All students on placement should be supervised by a psychologist acceptable to the Head of School, who is (a) a member of the APS College of Forensic Psychologists, and/or (b) registered as a psychologist by the PBA or other regulatory body. In 2013, this standard will be changed so that each supervisor must have completed training in supervision that has been accredited by the Psychology Board of Australia. Other psychologists may be involved in supplementing this supervision in limited areas at the discretion of the main supervisor. In some circumstances an accredited professional may also act as an external Supervisor in conjunction with the Placement Coordinator or other qualified psychologist at the School of Psychology, UNSW.

Broad Aims of Placements

The primary aim of forensic placements is to ensure that a student gain experience in the full range of work undertaken in the forensic psychology profession. This should include exposure to a variety of psychological models, applied to a range of clinical and forensic problems, with a variety of clients, and in a variety of settings. There is a need for experience in working in multidisciplinary settings and for familiarization with the work of professionals in other disciplines. Placement in various agencies in the field aim to ensure that you are properly prepared for roles you will fulfil and the services you will provide as Forensic Psychologists in the community.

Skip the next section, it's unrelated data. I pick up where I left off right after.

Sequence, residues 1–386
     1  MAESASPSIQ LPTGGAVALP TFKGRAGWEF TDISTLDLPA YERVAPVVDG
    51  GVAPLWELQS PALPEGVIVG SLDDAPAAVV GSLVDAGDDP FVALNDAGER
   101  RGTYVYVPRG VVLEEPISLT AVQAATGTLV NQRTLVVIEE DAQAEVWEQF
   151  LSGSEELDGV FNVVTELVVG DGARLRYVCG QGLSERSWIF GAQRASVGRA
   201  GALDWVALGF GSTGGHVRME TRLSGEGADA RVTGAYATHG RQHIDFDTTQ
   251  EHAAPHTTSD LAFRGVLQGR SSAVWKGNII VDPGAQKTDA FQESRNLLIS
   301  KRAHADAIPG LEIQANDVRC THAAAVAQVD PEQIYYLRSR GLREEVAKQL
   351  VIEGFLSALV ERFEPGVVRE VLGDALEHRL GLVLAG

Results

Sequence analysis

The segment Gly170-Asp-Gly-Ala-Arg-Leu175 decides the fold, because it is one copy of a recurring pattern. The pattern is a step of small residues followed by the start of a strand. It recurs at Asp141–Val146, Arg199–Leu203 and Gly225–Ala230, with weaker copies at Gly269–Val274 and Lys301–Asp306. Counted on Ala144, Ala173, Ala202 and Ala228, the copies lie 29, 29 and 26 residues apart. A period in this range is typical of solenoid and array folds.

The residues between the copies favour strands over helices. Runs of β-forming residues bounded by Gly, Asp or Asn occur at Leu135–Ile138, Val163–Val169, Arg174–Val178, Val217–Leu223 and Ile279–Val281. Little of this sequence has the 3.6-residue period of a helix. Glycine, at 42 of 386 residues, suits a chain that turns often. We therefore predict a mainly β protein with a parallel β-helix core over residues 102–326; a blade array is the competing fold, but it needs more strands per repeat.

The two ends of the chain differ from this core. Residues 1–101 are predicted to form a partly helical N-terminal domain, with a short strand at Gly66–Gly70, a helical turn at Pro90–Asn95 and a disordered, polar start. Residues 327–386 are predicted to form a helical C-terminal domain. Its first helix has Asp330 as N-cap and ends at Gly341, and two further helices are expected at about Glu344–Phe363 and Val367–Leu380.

Activities/Duties Undertaken While on Placement

While the actual range of experience and the duties undertaken on placement are always subject to negotiation between the student and the external placement sites, the following general expectations apply:

  • Whilst students are enrolled in PEP1 and 2, they will be required to complete approximately 200-250 hours of their placement through the Forensic Practice Clinic.  Through a progression of observation and increasing responsibility within intervention and assessment tasks (see one, do one, teach one philosophy), students  will  be  required  to  participate  in  the  operation  of  the  Clinic,  and  regularly  scheduled  case meetings and supervision meetings.  In PEP3 and 4, students will continue to be involved in the running of the Clinic and working with the students in PEP1 and 2.
  • Prior  to  negotiation  of  an  external  placement,  the  student  should  participate  in  an  interview  by  the prospective supervisor in order to determine the suitability of the student and the appropriateness of the placement. The interview should include; i) a detailed discussion of what experience is to be provided in the placement; ii) a detailed discussion of the needs, interests, and previous experience of the student; and, iii) timeframes for the placement (i.e., dates of attendance, start and end date of the placement).
  • The specific aims/goals of the student should be established prior to the placement, and tasks/activities undertaken in order to realise these goals formalised in a written contract (the Basic Contract), which is acceptable to all parties.  Students are provided with a Skills Checklist to aid them in negotiating the goals within the Basic Contract.
  • The student should undergo an induction period, when they will be more fully acquainted with the duties, roles, and case work of the supervising Psychologist, be introduced to other agency or unit staff members, and be familiarised with the functions of the unit or agency as a whole.   While it is not expected that administrative duties are part of a placement, a student should gain a general understanding of how the organization formally functions.